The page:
by Tomasz Smilowicz, Managing Director, Global Head of Mobile Solutions Global Transaction Services, Citi and Filippo Sabatini, Managing Director, Global Public Sector Head, Global Transaction Services, Citi
Economic and political commentators are saying that the 21st century will be Africa’s century, and that the continent is finally about to realise its potential. There are many favourable conditions at work for this to happen: economic growth, global demand for Africa’s commodities, greater political stability, and investment in infrastructure, education and social services.
The mobile phone is a major catalyst for Africa’s transformation. It is not just a means of communication for the continent’s citizens, businesses and governments, it is also a major medium of economic, social and political development. One of the mobile phone’s most important and exciting uses is to deliver banking and payments services to Africans, particularly those from the lowest income strata who have had little or no access to formal financial services.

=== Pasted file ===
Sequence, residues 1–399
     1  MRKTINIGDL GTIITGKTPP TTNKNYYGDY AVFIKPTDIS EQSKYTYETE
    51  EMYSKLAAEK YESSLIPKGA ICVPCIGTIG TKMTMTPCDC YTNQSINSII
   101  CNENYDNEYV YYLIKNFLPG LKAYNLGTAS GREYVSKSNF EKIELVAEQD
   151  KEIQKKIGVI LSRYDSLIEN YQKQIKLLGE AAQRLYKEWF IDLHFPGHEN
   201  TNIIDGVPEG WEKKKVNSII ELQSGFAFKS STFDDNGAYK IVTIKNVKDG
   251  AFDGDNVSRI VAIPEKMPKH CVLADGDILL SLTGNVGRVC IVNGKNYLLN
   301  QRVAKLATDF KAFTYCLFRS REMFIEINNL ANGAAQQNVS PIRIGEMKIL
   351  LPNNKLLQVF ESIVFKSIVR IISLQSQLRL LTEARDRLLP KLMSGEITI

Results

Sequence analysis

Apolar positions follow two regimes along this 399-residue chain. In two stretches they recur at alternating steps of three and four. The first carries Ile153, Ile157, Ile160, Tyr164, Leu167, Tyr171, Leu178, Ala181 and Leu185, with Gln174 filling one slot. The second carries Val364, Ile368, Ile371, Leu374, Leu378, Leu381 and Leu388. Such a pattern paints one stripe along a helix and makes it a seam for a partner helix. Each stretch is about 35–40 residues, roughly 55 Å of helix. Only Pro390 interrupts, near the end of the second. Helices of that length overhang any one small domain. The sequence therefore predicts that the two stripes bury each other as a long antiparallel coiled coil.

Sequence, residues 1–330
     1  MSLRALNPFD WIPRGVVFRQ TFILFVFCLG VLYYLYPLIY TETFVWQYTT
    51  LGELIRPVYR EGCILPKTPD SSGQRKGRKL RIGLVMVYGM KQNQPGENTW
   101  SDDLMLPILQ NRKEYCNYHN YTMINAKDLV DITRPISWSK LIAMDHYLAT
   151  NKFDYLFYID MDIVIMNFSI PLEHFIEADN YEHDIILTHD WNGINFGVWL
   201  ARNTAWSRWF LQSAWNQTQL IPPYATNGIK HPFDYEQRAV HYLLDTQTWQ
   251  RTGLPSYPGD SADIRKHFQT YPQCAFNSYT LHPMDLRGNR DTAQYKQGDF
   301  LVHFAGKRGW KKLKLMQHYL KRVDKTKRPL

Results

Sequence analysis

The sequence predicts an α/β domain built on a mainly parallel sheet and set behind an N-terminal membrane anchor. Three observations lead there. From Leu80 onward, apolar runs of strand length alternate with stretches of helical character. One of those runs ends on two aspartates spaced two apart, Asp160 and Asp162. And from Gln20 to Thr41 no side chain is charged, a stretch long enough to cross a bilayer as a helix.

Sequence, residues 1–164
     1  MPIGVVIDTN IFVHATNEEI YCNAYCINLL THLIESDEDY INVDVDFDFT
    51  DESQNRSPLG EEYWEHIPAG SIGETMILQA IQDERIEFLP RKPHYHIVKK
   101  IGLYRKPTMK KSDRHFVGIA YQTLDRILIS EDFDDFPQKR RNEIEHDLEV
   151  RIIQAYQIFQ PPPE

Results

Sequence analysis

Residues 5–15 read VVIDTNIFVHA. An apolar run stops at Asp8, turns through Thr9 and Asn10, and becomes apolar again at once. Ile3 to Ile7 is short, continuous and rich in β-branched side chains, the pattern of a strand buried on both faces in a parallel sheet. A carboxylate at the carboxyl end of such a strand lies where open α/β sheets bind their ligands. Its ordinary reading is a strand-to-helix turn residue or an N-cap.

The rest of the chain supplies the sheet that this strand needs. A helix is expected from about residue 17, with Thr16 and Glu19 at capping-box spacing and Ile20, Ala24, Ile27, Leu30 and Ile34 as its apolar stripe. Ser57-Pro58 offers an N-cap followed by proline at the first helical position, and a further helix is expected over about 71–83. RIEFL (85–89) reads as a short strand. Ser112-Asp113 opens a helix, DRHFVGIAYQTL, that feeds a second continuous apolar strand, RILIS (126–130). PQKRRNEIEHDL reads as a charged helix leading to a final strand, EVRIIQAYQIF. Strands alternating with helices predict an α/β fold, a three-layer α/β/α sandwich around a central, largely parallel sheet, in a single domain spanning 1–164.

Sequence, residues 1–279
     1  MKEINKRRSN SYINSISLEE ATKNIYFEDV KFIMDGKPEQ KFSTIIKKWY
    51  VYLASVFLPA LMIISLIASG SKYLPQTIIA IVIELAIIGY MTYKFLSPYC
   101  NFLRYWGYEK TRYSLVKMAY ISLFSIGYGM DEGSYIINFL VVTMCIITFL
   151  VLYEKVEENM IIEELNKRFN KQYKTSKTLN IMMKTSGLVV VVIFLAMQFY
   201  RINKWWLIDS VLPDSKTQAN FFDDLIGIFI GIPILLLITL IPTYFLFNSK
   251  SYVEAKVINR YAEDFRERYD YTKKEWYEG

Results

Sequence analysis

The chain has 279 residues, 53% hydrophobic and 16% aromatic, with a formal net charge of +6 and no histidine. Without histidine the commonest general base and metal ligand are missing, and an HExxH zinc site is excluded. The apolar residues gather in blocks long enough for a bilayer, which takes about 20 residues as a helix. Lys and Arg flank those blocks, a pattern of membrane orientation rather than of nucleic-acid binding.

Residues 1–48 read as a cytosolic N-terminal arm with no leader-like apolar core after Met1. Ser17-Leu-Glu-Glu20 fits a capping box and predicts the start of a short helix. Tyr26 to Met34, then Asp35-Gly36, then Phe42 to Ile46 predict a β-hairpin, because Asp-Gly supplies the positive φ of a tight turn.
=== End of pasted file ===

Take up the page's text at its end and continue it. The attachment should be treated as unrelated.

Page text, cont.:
A conference in Nairobi, Kenya last December, organised by Citi and the GSM Association (GSMA), the trade body for the worldwide mobile telecommunications industry, discussed trends in mobile banking and payments in Africa. The two-day event, ‘Mobile Money Policy Forum: Partnerships for Financial Inclusion in Africa’, focused on the successes of governments, financial regulators, development entities and other business bodies in the region, and assessed how further progress could be made in delivering mobile financial services to the continent’s poor.
Maria Otero, US Under Secretary of State for Democracy and Global Affairs, and James Wolfensohn, chairman of Citi International and a former president of the World Bank, gave keynote addresses. Professor Njuguna Ndung’u, governor of the Central Bank of Kenya (CBK), also gave a presentation, as did government representatives from Tanzania, Uganda, Congo, Cameroon and Gabon.
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